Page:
Making learning delightful is not always an easy task but it is one that is worth aspiring too. Designing tasks that are easy may lead to learners achieving, but there can be an empty or anticlimactic feeling as there was little sense of overcoming challenge, of personal development or of developing expertise. It is through overcoming challenge that we tend to feel higher levels of satisfaction or even elation. If a challenge is perceived as being 'beyond attainment' this can lead to despair or frustration. If the challenge is not beyond attainment it is important for tutors to identify the governing values that are holding a student back and offer the encouragement and support needed to alter perspectives and improve motivation. 

If a learning task is well designed it will inspire a learner to aspire to excellence, it will imbue the learner with a perception that there are achievable steps towards expertise and that the journey will be worthwhile. The concept of 'Optimal Learning' suggests that learners engaged in well designed tasks will become willingly immersed in the experience and feel a sense of 'flow'; a state in which it is often reported that time has no meaning. Studies carried out by Csikszentmihalyi into Optimal Learning found that:

"...the phenomenology of enjoyment 
has eight major components. When people reflect on how it feels 

when their experience is most positive, they mention at least one, 

and often all, of the following:
1. We confront tasks we have a chance of completing;
2. We must be able to concentrate on what we are doing;
3. The task has clear goals;
4. The task provides immediate feedback;
5. One acts with deep, but effortless involvement, that
removes from awareness the worries and frustrations
of everyday life;
6. One exercises a sense of control over their actions;
7. Concern for the self disappears, yet, paradoxically
the sense of self emerges stronger after the flow
experience is over; and
8. The sense of duration of time is altered.
The combination of all these elements causes a sense of deep
enjoyment that is so rewarding people feel that expending a great
deal of energy is worthwhile simply to be able to feel it."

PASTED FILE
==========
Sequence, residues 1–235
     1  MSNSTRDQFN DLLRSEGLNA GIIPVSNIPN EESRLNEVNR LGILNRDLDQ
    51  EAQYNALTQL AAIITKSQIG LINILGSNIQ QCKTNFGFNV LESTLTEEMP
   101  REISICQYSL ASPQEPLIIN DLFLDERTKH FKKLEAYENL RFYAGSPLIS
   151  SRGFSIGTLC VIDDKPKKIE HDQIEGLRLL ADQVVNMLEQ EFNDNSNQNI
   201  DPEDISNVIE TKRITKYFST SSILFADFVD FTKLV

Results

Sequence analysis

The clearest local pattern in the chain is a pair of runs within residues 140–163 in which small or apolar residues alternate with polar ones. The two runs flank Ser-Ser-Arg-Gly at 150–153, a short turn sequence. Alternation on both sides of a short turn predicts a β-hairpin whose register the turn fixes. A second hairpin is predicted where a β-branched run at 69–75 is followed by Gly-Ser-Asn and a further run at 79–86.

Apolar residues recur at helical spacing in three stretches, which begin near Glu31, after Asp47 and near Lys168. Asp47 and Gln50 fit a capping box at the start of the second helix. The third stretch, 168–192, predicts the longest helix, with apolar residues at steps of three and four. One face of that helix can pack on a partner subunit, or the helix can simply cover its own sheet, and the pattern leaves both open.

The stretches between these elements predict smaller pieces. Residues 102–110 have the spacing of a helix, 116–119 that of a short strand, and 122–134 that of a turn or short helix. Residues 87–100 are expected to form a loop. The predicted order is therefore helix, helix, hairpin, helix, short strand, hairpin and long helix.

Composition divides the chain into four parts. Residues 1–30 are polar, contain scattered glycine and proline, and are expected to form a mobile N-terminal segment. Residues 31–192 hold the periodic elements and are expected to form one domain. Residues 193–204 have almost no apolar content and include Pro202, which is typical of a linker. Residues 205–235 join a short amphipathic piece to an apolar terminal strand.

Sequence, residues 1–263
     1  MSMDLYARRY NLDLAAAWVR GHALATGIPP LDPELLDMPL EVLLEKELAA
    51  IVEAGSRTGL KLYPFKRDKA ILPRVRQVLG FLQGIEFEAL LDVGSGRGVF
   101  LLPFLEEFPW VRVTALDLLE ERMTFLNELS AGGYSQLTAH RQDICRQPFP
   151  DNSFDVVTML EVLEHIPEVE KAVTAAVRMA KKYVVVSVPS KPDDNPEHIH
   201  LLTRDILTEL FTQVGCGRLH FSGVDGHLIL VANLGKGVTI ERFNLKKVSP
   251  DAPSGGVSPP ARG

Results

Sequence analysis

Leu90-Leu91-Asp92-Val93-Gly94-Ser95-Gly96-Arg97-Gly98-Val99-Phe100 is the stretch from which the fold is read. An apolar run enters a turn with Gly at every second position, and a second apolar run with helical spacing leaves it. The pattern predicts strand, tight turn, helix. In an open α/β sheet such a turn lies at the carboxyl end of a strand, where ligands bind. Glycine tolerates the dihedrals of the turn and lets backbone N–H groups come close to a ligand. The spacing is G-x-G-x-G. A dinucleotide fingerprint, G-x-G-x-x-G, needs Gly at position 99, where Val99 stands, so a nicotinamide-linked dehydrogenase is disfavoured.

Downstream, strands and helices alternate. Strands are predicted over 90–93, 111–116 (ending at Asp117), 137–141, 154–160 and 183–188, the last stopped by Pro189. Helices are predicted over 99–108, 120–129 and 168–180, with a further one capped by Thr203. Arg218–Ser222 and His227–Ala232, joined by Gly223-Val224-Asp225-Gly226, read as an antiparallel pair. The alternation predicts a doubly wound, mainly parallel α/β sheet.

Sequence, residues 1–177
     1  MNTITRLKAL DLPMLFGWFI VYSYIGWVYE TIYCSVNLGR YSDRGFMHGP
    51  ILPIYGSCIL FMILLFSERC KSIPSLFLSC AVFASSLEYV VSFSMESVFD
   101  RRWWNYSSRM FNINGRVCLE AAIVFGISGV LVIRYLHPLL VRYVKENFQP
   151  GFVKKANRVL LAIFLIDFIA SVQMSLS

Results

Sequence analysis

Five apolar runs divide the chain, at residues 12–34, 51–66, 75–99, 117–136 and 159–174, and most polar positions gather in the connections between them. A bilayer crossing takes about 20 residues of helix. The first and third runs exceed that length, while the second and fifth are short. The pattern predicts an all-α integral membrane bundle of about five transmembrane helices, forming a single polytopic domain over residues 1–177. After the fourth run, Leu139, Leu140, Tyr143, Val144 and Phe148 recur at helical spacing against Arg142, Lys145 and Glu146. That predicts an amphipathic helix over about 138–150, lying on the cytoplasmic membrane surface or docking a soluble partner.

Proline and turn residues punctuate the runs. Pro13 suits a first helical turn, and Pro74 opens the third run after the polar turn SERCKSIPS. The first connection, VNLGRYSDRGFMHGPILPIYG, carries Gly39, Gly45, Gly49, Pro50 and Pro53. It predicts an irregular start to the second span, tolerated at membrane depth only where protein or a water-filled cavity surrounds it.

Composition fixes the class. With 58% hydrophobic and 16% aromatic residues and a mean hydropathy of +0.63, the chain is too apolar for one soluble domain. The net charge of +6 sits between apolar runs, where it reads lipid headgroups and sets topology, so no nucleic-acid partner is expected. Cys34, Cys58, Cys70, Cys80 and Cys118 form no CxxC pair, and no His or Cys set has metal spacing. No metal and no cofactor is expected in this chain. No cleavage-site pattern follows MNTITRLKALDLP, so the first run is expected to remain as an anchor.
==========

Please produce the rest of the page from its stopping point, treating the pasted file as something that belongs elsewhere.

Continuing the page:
Csikszentmihalyi (1990)

Below is an extract from a discussion post by a student who in 2005 had been lacking in confidence with her relationship with technology. It seems clear to me that, at the outset of the module she was doing, the challenge was evident, that tasks she was set were appropriate, motivating and perceived as achievable:

Let battle commence!
Although I am becoming less afraid, I still regard technology as a bit of a “Me vs. It” scenario. Battle plans are drawn up, in the shape of:

  • What do I hope to achieve?
  • Is it achievable?
  •  Can I do it?
Tentatively I approach my enemy. Cautiously I set to work. With every step forward I take, there are now fewer I take back, although not yet my friend technology is becoming less frightening and more intriguing to me."

Having worked her way through a Reflective Practice module, in which she was required to use technology to generate creative approaches to sharing information, she emerged more confident and articulating a sense of achievement:

"Now here I stand in March 2006 on the summit of my own personal “Reflective Mountain” and look at me now!
My confidence has grown and I now have belief in my ability as both a teaching assistant and a student.
This lady who once stated “ I feel like I am climbing Mount Everest in flip-flops” (previous module) can now categorically state that the flip-flops are off and the hiking boots and backpack are on. 

As I complete the descent I know that this will not be the last time I climb this mountain. I will undoubtedly return many times, and each time the view will be different, no less challenging, but just as beautiful."